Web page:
Las Vegas Sun

August 18, 2022

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Plan to rebate car registrations is under fire

CARSON CITY -- Gov. Kenny Guinn has a lot of work ahead of him in convincing state legislators to approve his plan to rebate $300 million to Nevada motorists.

Members of the budget committees of the Legislature on Wednesday raised a number of questions about the administrative costs and whether it would reward those who were not hit with the tax increase in 2003.

Guinn proposed rebates of up to $300 per car registered to Nevadans. That would mean mailing out more than 2 million checks. A person who owned more than one vehicle would get a rebate on each car.

Assembly Minority Leader Lynn Hettrick, R-Gardnerville, said he examined such a plan during the interim. He said its administrative costs would be $6 million, not the $2.3 million set aside by Guinn.

Postage alone would be $730,000, Hettrick said.

Michael Hillerby, chief of staff for Guinn, and Ginny Lewis, director of the state Department of Motor Vehicles, said the procedure for getting the money to the motorists was still being worked out. Hillerby said private business might be used to process the checks. He said he thought the $2.3 million was a reasonable number.

To cut and send the checks through the state system would take many weeks if not months, according to state Treasurer Brian Krolicki. Outside of the hearing, Krolicki said he has received some informal bids from banks that might be contracted for the work.

Sen. Bob Beers, R-Las Vegas, asked if the state would be required to send out 1099 tax forms at the end of the year to the recipients of the rebate, to show on their federal income tax. Hillerby said the state didn't know yet.

Instead of sending out checks, legislators wondered why the Department of Motor Vehicles could not just credit the rebate to the current registration bills. Lewis said that would require extensive computer programming and it would be a "nightmare" to do it that way.

Lewis said the rebates would not be going to those who owe the department money or have "flags" on their registration. For instance, a person who has unpaid parking tickets with local governments would not get a check if there was a notation on his registration. An individual with two DUIs has his vehicle registration suspended and would not receive a rebate and there would not be any money flowing to governments whose vehicles are exempt from the registration fees.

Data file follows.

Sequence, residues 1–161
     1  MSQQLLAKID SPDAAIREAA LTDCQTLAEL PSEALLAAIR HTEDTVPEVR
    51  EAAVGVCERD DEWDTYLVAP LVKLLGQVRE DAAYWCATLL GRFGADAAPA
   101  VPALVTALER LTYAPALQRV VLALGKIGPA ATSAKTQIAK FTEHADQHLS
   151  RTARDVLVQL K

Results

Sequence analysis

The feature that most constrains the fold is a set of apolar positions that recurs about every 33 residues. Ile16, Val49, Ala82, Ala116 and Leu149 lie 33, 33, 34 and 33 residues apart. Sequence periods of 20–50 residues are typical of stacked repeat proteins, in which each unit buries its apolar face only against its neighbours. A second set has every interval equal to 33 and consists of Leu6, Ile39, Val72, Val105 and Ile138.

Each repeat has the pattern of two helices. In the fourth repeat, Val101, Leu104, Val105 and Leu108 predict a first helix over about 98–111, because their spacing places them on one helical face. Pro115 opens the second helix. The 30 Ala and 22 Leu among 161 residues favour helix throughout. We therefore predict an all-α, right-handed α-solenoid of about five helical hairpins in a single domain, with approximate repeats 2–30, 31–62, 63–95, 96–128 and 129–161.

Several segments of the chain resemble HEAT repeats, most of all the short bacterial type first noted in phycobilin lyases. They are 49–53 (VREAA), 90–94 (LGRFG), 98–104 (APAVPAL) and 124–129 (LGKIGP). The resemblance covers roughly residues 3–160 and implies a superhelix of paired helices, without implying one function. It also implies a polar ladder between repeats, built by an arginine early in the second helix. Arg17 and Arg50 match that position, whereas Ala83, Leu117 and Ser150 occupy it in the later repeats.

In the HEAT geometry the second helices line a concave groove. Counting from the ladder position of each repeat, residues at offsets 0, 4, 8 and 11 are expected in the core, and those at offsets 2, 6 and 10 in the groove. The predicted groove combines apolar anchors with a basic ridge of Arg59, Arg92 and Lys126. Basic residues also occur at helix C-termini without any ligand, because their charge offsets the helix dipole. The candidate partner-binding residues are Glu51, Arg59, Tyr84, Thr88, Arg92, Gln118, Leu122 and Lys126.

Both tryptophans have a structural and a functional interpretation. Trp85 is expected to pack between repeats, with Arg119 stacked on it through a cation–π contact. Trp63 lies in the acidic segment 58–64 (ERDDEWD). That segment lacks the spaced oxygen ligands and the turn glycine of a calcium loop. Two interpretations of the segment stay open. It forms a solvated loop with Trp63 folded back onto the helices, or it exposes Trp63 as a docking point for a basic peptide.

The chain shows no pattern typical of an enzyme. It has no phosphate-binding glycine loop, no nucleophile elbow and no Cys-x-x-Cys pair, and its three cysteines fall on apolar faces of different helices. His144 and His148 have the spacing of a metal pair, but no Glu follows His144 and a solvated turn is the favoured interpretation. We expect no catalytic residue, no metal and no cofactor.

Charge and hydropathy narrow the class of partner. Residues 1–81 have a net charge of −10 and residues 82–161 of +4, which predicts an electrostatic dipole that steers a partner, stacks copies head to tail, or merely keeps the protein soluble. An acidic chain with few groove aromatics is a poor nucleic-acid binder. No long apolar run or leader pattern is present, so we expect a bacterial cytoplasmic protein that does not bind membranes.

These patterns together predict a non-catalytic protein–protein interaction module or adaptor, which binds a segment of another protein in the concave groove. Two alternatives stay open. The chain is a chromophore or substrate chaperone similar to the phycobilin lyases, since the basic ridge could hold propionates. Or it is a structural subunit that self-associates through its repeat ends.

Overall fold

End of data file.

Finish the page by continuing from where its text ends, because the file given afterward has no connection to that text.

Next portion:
Hettrick said it wasn't the owners of motor vehicles that got hit with the $833 million tax increase in 2003, but they were getting the rebate.

Hillerby said a number of plans were examined to give relief to the taxpayers and this was the fairest. For instance, he said the governor considered a sales tax holiday. But that would require people to spend more money to gain any benefit.

Assemblyman John Marvel, R-Battle Mountain, asked if taxicab companies would get a rebate on each of their vehicles. "If they had 1,000 vehicles, they would get $300,000," Marvel said.

Hillerby replied, "The governor is adamant that if you paid the registration fee, you ought to get it back."

Senate Majority Leader Bill Raggio, R-Reno, said this rebate would be paid with a one-time surplus and he suggested that the public would come to expect this every year. Hillerby agreed that some people might expect it. The suggested budget doesn't predict for a big surplus in the future.

Raggio said some of this money could be put in the "rainy day" fund to be used when there is a slump in tax revenues or it could be used to pay cash for new buildings instead of going into debt.

Assemblywoman Chris Giunchigliani, D-Las Vegas, suggested the money might be used at the offices of the DMV to reduce the waiting time of customers.

Lewis said that the waiting times at the DMV offices in Las Vegas that were 90 minutes and longer in 2003 have been shaved to a maximum of 57 minutes.